More and more these days you hear about the coming singularity (expected 2040?) when machines will surpass us in intelligence. Shortly afterwards, we are told, the machines will enslave[1] us. Well, I don’t know about you, but I already feel enslaved. I come home from shopping and begin to carefully load[2] my perishables[3] into the fridge, after what seems like 20 seconds an alarm goes off; the only way to stop it is if I shut the fridge and wait until it decides that sufficient time has passed for me to gain access to it again. So I shut the fridge and open the freezer for my frozen goods[4]. But just then the washing machine finishes and starts to bleat[5]; either I go and turn it off or every 15 seconds it will complain[6] with an ear-piercing[7] “bleep, bleep, bleep”. So, I shut the freezer – thus[8] denying me access to[9] that appliance[10] for a couple of minutes, and turn of the washing machine. Just as well that by the time I come back the fridge has condescended to open again! I don’t drive but I understand that the same sort of stressful experience takes place[11] inside a vehicle if you don’t do what it wants.

My wife has a theory: she says it all started with tamagotchis. 20 years ago the New World Order (or whoever) started to train us to be subservient[12] to machines. The message of the “egg-watches” was simple: this creature will die if you don’t answer to its demands. As machines get cleverer expect more alarms, more mechanical admonitions[13], more stress. I caught myself apologizing to the freezer the other day! They say a war between humans and machines is coming; I say we’ve already lost.

[1] to enslavemake slaves of, condemn sb. to servitude

[2] to load – fill

[3] perishablesfood that can decompose quickly

[4] goodsproducts, (in this case) food

[5] to bleat – protest (like a sheep)

[6] to complain – protest

[7] earpiercing – loud, cacophonic

[8] thus – as a result

[9] to deny sb. access tonot let sb. into

[10] appliance – device, gadget

[11] to take place (take-took-taken) – occur

[12] to be subservient – be submissive, be obedient

[13] admonitionreprimand

Future-Proof Jobs

Future-Proof Jobs

US Navy photo by John F. Williams

Over recent weeks I’ve seen a couple of[1] articles about the jobs that it will be most difficult to automate[2] and therefore destroy. I’m a little bit sceptical about these lists. One had primary-school teacher high up[3] the list while, at the same time, we are told that 25% of university classes will be online in just[4] three years’ time. My (thankfully limited) experience of small children suggests that handing[5] them an iPad is the best way to get them to quietly concentrate on something. A soft robot with an imbedded[6] screen[7] that could stop them climbing out of the windows would seem to have many advantages over a primary-school teacher. Yes, I am suggesting that a Teletubby will replace Miss Pritchett in the foreseeable[8] future.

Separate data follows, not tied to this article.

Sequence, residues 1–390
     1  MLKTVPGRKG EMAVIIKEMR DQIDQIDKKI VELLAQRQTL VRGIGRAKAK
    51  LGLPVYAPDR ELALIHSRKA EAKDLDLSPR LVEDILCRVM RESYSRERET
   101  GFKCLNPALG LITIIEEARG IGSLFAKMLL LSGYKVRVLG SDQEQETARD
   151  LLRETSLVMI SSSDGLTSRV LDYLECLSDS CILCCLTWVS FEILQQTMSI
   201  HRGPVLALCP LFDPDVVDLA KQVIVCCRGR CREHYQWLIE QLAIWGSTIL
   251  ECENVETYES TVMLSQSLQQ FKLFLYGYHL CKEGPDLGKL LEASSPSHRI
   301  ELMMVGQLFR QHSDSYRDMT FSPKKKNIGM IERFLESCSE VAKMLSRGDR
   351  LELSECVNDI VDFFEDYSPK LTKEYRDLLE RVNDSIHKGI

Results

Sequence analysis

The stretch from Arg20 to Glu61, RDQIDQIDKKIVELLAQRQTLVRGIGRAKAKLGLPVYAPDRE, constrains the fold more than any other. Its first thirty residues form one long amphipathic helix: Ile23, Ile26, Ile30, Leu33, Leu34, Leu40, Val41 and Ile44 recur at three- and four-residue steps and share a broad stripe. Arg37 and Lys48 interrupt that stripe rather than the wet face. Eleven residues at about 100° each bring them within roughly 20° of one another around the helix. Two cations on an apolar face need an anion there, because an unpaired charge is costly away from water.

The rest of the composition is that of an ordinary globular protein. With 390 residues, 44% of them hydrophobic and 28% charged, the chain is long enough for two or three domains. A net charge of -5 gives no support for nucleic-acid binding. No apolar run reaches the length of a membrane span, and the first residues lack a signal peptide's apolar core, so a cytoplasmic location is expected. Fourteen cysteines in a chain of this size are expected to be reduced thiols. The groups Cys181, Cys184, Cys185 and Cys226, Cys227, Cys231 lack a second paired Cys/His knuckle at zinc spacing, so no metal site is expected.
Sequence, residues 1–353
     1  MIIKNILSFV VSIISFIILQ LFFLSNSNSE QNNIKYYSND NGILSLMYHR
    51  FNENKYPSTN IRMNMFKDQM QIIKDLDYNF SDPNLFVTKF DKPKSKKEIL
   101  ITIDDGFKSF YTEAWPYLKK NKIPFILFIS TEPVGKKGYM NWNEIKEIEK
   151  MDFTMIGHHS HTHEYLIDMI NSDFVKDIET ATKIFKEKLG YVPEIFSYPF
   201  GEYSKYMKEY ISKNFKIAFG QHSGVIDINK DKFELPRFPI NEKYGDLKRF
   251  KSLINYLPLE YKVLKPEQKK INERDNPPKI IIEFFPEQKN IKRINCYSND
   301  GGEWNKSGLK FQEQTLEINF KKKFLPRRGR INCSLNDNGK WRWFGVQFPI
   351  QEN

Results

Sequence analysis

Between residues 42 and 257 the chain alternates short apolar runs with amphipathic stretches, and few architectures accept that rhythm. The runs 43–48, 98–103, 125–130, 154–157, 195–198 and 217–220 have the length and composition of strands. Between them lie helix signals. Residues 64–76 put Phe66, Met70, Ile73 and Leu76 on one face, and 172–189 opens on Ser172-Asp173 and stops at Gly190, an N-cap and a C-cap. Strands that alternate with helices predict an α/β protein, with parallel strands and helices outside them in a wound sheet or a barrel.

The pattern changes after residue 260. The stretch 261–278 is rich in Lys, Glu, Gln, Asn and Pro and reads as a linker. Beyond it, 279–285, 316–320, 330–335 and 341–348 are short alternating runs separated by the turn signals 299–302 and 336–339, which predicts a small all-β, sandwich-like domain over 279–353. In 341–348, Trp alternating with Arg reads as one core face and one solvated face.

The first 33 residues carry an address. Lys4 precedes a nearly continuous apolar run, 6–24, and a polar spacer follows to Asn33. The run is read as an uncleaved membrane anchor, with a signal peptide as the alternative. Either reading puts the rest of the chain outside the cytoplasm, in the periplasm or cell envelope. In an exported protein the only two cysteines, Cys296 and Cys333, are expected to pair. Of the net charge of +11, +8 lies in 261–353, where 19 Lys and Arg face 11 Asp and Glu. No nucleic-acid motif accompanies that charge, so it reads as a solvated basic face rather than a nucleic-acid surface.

Another list had lawyers and doctors at the top. But surely all medical knowledge and all legal knowledge could be available in an app if not now then very soon. Medicine is just[9] matching[10] symptoms to diseases[11]; the legal profession is just remembering precedents that could be relevant to a specific case. OK, I’m exaggerating a little but both diagnostic medicine[12] and law are memory-based professions and those are precisely the ones most threatened by[13] modern technology.

Really future-proof professions are those that require a bit of creativity, a bit of social skills[14] and a lot of precision motor coordination manipulating non-standardized objects. Over the last fortnight[15] I have seen a state-of-the-art[16] robotic chef (in Korea) and a cutting-edge[17] robotic bartender[18] (at the Google conference[19] in San Francisco). They were both crap[20]. The incredibly slow automaton cook[21] got more food on the floor than in the salad bowl, while the android barman took three minutes to pour[22] a pint of beer. Whatever the experts say, for my money[23] the best future-proof jobs right now are those preparing food and drinks.

One final – more serious – comment about the future of work: the complaisant[24] often say that new jobs always emerge when technology replaces obsolete ones (e.g. when farm machinery replaced agricultural labour). However, this is the same fallacy as dismissing[25] anthropomorphic climate change because the earth’s climate has always changed. The problem isn’t evolution; it’s the speed of the change. If species don’t have time to adapt, then there’s mass extinction. If the labour market doesn’t have time to adapt, there’s mass unemployment. We read that, “65 per cent of primary-school kids[26] will have job types that don’t yet exist.” That’s putting a very positive spin[27] on the fact that two-thirds of today’s jobs won’t exist in 15 years’ time; it may just9 mean that over half the workforce will be out of work[28].

[1] a couple ofseveral

[2] to automate – replace with a machine

[3] high upnear the top of

[4] just – (in this case) only

[5] to hand – give

[6] imbedded – that is an integral part of sth.

[7] screen – the part of a computer or a TV where the images appear

[8] foreseeable – predictable, near

[9] just – (in this case) only, simply

[10] to match A to Bmarry A with B, pair up A with B

[11] diseaseillness, sickness

[12] I’m not referring to surgeons and dentists, whose jobs are very safe

[13] threatened by – in danger from

[14] skillstalent, ability

[15] fortnight – two weeks

[16] state-of-the-artultra-modern, cutting-edge

[17] cutting-edgeultra-modern, state-of-the-art

[18] bartenderbarman or barmaid, sb. who serves drinks

[19] conference – (false friend) convention

[20] crap – (informal) useless, very inefficient

[21] cook – chef

[22] to pour – (in this case) serve

[23] for my money – in my opinion

[24] the complaisantpeople who accept what they are told without protest

[25] to dismiss – ignore

[26] kidschildren

[27] spin – interpretation

[28] out of work – unemployed